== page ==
Every year around this time, Michigan State University polls thousands of employers of all sizes in search of data relating to college graduates in order to generate recruiting trends. This data varies in type of information from the average salary offer by major to the percent of job placement per geographic region. Whether an employer or a recent college graduate, the findings from this research study are invaluable when predicting graduate availability, updating on the current market, or simply comparing what is being offered for entry-level graduates across the nation. Here is a summary of this study:
Despite the gloomy national labor market situation, the college segment of the market is poised to rebound this year. While overall hiring across all degrees is expected to increase 3%, hiring at the Bachelor’s level is expected to surge by 10% according to the 4,600 employers who responded to Michigan State University’s Recruiting Trends 2010-2011 survey. Led by upturns in hiring in manufacturing, professional and scientific services, the federal government, and large commercial banks, the Bachelor’s market will enjoy its first expansion in two years. With this good news comes a word of caution. This step is the first out of a deep hole; yet, many organizations are still not in a position to contribute positively to hiring.
The average figures reported above mask what is actually happening in the college job market. In fact, college hiring growth is being generated by only a small group of organizations (approximately 350 to 400) who have separated themselves from the rest of the pack. This group is comprised of two highly optimistic cohorts:
▪ Large companies who are aggressively filling positions that have been open for several years.
▪ Fast growth and small companies who are creating new positions.
The MBA market, which is also awakening, paints a very different picture. An equal number of employers are decreasing as are increasing their hiring. Fortunately, employers who are expanding their MBA workforce more than offset the cuts being made by other companies. This market segment will remain tight as the supply of graduating MBA students is high.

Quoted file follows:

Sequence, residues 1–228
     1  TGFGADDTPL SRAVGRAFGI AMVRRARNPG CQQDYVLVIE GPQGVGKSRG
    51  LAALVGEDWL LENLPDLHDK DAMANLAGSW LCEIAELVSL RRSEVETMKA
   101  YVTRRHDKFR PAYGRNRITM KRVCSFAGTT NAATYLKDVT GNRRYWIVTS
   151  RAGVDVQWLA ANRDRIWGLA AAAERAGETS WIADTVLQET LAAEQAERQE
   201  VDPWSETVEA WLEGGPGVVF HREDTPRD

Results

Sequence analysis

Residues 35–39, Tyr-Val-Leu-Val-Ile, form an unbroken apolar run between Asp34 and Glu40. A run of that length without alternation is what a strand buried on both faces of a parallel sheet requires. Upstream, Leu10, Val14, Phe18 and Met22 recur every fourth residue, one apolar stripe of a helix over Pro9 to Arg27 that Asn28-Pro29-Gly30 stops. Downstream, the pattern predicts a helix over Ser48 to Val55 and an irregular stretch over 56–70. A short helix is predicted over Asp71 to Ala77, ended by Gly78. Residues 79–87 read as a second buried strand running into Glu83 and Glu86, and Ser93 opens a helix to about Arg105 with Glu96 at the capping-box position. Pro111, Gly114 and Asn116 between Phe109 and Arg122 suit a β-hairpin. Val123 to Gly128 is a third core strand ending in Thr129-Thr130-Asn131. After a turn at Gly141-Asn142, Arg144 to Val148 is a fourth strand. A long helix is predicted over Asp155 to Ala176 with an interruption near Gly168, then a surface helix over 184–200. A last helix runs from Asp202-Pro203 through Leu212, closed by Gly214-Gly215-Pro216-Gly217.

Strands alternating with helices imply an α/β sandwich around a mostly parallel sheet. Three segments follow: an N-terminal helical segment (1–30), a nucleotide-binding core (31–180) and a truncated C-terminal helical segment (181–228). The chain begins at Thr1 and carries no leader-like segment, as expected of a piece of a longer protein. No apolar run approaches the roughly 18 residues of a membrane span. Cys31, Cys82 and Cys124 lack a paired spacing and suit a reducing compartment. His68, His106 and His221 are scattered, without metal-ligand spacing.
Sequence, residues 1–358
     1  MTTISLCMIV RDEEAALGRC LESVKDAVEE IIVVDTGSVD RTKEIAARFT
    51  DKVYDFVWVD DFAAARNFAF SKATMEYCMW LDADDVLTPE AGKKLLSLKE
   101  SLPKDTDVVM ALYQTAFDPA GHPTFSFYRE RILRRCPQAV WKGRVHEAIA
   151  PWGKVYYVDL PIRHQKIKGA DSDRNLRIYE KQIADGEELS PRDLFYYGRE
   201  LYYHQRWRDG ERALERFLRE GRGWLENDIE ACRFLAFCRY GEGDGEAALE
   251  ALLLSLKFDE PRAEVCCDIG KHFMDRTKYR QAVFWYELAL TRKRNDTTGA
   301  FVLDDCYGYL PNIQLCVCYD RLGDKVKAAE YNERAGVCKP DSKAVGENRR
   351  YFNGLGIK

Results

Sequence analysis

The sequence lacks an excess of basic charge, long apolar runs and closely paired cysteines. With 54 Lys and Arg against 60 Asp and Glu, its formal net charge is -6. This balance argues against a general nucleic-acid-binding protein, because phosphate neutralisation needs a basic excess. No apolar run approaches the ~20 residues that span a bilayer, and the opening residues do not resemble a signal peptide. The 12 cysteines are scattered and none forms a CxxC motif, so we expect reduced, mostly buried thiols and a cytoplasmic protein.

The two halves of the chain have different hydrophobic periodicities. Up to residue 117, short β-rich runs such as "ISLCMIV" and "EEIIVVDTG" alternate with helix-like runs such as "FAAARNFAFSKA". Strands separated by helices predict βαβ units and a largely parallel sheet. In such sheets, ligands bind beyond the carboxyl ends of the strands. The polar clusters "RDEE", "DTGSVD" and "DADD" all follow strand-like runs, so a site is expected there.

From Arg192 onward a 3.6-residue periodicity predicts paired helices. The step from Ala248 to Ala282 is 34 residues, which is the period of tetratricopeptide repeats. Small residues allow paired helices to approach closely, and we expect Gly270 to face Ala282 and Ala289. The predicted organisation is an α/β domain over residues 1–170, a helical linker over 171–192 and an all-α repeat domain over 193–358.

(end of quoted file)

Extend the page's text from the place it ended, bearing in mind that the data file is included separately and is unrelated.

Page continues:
Nearly 40% of employers indicate that they will seek candidates from across “all majors”, focusing more on the skills and abilities needed in the organization than the academic discipline. “All majors” is not a proxy for the liberal arts but a signal that employers are seeking the best talent regardless of major. Business majors will be the strongest discipline in this market with the rebound of accounting hires. Engineering appears sluggish with the exception of computer science and IT students whose market is exploding this year. Some majors will see fewer opportunities, including construction, law, publishing, nursing, social services, and health sciences in general.
Salaries have dropped precipitously in the last two years, from $46,500 in 2008-2009 (at the Bachelor’s level) to $36,866 this year, a decline of almost $10,000. This drop cannot be taken at face value because there are several possible factors at play. Since the 2008-2009 Recruiting Trends study, the sample size has grown exponentially, creating a new baseline for salary information. The decline in the reported average is influenced by the volume of small, mid-sized and non-profit organizations that traditionally have more modest salary offers. The lack of a stronger upward movement in engineering recruiting also may have had an effect. Still, it is apparent that salaries have stagnated during the last two years.
The best recruiting strategies still depend on connections between faculty, students, career services professionals, alumni and hiring staff in organizations. Clearly, career services professionals are challenged to play more of an “agent” role to make these connections happen.
As these hiring trends change, so do the ways in which we recruit. Are career fairs still considered an effective way by which to secure top candidates? In the next post I’ll delve into the ways in which we recruit college studetns, discussing the opinions of those polled in the study summaried above and making suggestions on how to move forward, evolving your company’s college recruiting strategies.
Traci K. is an HR Professional and freelance writer based in the Midwest, specializing in recruitment and immigration. When she’s not improving unemployment, she keeps busy with her husband and four children.